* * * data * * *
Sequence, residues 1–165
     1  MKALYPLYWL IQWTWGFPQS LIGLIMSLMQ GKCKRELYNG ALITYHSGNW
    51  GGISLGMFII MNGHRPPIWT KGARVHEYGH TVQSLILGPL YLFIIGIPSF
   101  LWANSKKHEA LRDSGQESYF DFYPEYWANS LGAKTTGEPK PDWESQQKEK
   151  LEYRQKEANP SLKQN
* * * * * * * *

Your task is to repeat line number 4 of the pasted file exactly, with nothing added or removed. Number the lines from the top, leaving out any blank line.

   101  LWANSKKHEA LRDSGQESYF DFYPEYWANS LGAKTTGEPK PDWESQQKEK